Common assumptions notwithstanding, rare species can play unique and essential ecological roles. After studying two databases that together cover all known terrestrial mammals and birds worldwide, scientists from the CNRS, the Foundation for Biodiversity Research (FRB), Université Grenoble Alpes, and the University of Montpellier have demonstrated that, though these species are found on all continents, they are more threatened by human pressures than ecologically common species and will also be more impacted by future climate change. Thus, they are in double jeopardy. The researchers’ findings, published in Nature Communications (October 8, 2020), show that conservation programs must account for the ecological rarity of species.

It has long been thought that rare species contribute little to the functioning of ecosystems. Yet recent studies have discredited that idea: Rarity is a matter not only of the abundance or geographical range of a species, but also of the distinctiveness of its ecological functions. Because these functionally distinct species are irreplaceable, it is essential we understand their ecological characteristics, map their distributions, and evaluate how vulnerable they are to current and future threats.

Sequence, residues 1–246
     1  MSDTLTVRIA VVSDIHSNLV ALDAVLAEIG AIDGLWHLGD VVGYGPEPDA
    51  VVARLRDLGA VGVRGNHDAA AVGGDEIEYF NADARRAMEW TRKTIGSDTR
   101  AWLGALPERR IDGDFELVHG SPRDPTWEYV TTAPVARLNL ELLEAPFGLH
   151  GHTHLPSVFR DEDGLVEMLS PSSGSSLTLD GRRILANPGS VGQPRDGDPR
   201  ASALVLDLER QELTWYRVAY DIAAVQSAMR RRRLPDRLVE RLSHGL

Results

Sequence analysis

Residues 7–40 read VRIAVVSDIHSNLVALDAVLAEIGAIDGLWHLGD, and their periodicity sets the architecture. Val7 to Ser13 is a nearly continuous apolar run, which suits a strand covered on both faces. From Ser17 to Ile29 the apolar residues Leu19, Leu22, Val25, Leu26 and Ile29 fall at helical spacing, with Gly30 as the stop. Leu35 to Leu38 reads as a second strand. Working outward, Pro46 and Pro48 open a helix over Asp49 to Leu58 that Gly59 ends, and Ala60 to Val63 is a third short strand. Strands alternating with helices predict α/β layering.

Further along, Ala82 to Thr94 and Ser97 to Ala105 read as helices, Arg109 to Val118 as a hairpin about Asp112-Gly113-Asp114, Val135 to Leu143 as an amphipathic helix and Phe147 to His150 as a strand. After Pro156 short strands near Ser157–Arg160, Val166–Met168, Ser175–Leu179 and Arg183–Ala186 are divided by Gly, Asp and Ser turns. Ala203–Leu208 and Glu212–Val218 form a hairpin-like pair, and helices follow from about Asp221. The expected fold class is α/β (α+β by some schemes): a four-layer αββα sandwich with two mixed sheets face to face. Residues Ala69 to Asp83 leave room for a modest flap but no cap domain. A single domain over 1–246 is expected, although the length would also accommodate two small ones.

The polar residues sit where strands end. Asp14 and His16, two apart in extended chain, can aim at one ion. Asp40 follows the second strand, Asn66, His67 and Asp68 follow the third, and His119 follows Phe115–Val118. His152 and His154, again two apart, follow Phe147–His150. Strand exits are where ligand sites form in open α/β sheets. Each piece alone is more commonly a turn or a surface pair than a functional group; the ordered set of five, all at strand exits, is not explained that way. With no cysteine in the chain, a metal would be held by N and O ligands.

Using two databases that collect information on the world’s terrestrial mammals (4,654 species) and birds (9,287 species), scientists from the FRB’s Center de Synthèse et d’Analyse de la Biodiversité (CESAB), CNRS research laboratories, Université Grenoble Alpes, the University of Montpellier, and partner institutes divided the earth’s surface into 50 × 50 km squares and determined the number of ecologically rare species within each. They showed that ecological rarity among mammals is concentrated in the tropics and the southern hemisphere, with peaks on Indonesian islands, in Madagascar, and in Costa Rica. Species concerned are mostly nocturnal frugivores, like bats and lemurs, and insectivores, such as small rodents. Ecologically rare bird species are mainly found in tropical and subtropical


Earth grows large crystals, rare elements in just minutes

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Oct. 7 (UPI) — Scientists have gained new insights into crystal growth rates inside pegmatites, veinlike formations that host some of the planet’s biggest crystals, as well as valuable elements such as tantalum, niobium and lithium.